Verdugo Mountain & Burbank City HP • San Gabriel Mountains
• Los Angeles County
• Highpoint: City of Burbank


The big building of downtown Los Angeles
 

Burbank lies below. That's Cahuenga Mountain in back. Interstate 5 ("the 5") can be seen
 

The first towers, now in morning light
 

Getting closer. Some hikers can be seen
 

Looking down at the ridge I ascended
 

Verdugo Mountain summit. I shot this from behind another hill to block out the morning sun
 

The ugly-ass summit
 

Towers atop the ridge. The one at left is the first one I met coming up the ridge (which can also be seen)
 

A look up at the trail, as I descended
 

This was taken from lower down, along the older road
 

Adam and Edward would appreciate the weenie mathematics of our rental car's license plate
 

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Date: September 19, 2015 • Elevation: 3,120 feet • Prominence: 1,344 feet • Distance: 3.5 miles • Time: 2 hours • Gain: 1,320 feet • Conditions: Nice, but getting warm fast

The Verdugo Mountains lie in the San Fernando Valley, in the cities of Burbank and Glendale (and some inside Los Angeles). It’s an extension of the San Gabriel Mountains, but lies apart from the main range so that it is essentially its own little range. Roads and trails cross all over the mountain, and there are about a half-dozen ways to get to the summit.

I was here back in May 2014. I had hiked San Gabriel Peak earlier in the day, then drove down Highway CA-2 into the Los Angeles basin. I eventually found my way into Wildwood Canyon Park, and parked at the end of the road. From here to the top would cover about two miles and 1,300 feet of gain. It was about 1 p.m. when I started, and it was very warm.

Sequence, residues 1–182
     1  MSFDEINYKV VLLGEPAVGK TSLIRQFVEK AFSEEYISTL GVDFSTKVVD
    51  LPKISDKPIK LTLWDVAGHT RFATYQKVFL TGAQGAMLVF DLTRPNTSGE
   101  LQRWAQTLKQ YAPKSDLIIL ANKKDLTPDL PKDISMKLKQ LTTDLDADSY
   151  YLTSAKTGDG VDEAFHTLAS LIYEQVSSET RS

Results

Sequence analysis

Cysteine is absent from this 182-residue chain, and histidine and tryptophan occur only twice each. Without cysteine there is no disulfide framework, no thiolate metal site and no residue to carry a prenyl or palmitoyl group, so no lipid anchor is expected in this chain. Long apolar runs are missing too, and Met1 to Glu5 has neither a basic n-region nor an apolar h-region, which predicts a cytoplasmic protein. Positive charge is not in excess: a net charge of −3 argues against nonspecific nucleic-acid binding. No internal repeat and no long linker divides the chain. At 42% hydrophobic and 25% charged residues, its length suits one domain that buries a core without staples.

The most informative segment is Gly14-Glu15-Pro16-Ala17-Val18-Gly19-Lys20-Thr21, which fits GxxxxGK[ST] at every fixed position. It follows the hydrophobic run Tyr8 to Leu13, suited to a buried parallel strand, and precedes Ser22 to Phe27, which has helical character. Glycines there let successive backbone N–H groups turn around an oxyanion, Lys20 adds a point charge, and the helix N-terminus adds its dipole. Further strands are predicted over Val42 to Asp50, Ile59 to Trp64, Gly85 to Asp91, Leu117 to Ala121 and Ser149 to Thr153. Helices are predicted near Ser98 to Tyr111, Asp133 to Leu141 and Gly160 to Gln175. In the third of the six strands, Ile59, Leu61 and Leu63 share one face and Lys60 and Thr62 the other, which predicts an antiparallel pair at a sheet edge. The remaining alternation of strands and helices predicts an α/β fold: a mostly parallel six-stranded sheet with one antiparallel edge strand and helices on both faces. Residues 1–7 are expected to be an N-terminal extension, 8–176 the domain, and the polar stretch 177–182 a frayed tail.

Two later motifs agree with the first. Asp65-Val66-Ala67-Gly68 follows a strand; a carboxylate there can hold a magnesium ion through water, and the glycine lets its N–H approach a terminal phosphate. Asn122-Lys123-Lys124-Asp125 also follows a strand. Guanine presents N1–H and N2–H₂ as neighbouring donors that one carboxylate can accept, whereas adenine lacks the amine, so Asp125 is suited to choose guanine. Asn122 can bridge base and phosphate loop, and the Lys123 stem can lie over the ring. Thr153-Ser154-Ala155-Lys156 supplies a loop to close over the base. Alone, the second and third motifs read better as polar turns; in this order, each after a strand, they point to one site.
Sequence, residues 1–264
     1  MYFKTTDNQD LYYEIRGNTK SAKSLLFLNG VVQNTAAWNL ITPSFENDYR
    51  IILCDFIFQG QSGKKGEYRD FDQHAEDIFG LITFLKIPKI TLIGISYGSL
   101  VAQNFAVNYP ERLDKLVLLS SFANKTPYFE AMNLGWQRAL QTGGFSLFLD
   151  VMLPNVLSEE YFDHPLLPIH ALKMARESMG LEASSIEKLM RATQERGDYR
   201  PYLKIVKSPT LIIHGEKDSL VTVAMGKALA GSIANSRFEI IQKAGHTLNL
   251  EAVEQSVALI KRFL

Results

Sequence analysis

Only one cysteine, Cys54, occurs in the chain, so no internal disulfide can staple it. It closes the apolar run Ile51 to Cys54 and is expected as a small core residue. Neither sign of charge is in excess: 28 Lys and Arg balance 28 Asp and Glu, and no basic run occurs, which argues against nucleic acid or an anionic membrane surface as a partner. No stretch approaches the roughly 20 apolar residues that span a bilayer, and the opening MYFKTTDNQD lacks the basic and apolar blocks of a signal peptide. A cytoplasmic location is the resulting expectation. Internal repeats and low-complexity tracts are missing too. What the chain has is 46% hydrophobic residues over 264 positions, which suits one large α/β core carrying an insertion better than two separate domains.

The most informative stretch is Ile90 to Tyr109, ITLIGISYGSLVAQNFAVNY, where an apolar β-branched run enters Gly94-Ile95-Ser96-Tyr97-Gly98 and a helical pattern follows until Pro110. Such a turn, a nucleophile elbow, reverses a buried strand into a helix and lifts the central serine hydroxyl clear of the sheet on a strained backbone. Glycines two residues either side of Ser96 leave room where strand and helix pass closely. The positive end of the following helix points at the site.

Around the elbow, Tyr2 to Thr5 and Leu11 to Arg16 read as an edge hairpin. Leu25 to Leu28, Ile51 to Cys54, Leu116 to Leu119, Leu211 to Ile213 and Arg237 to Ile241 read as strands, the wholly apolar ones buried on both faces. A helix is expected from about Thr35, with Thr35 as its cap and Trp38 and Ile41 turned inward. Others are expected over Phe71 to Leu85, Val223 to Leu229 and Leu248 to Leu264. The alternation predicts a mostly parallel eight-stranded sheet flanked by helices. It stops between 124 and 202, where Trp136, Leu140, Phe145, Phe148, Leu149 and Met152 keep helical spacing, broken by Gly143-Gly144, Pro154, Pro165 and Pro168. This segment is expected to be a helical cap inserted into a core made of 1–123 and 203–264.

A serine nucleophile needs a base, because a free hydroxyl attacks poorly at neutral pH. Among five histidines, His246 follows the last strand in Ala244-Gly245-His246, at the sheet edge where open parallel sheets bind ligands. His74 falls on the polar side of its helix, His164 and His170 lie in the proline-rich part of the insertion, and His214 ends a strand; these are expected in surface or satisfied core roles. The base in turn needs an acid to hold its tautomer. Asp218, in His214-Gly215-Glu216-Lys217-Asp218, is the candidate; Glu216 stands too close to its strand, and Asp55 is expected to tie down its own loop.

I followed the dirt road past the last turn-around. It gains steeply, making two sharp switchback turns, then levels off at a cleared area where other trails come to meet as well. I made a hard right and scrambled up a lesser path, then found myself on the main trail, directly on an open ridge, aiming for a set of towers directly ahead, lying atop the main summit ridge. The actual summit is about a half-mile east, and I could see its towers too, as I ascended.

All was dandy except that I underestimated the heat. I was only carrying one liter of water, and I was past half-way on it, but still a couple hundred feet below the towers. It was hot, there was no shade, and I was losing interest very fast. I decided to bail, and come back another day.

My next opportunity was not for another 16 months. Beth and I decided to drive to Southern California for a short weekend vacation, a chance to do something fun after a whole summer devoted to prepping for, and recuperating from, her major neck surgery. All of our Minnesota travels were not necessarily for pleasure. We had not done anything “fun” all summer. We decided to get a rental car, too, rather than put the wear on our vehicles.

We left Scottsdale at dusk on Friday and arrived into Pasadena at midnight, the drive uneventful. I slept for a couple hours, but was up early, intending to be at the trailhead as close to dawn as possible. I knew the roads from last year and arrived to the gates of Wildwood Park about 6:45. They were shut, so I pulled into the big lot and started to get my stuff together. Just then, a worker opened the gates. I got back in the car and drove to where I parked last year. I did not feel guilty cutting off about a mile each way of hiking. I didn’t have all morning for the hike and hoped to be up and down in less than three hours.

I started walking at 6:55 a.m., the day clear and very still. The air temperature was about 75 degrees, but it felt “warm”, in that there was no chill from the ocean. It was going to be a warm day (in fact, the high would be about 104 degrees later that day). I followed the exact same route as from a year ago. There were a few hikers already on the trail. Many were jogging it. It appears to be a good “workout” peak for the locals.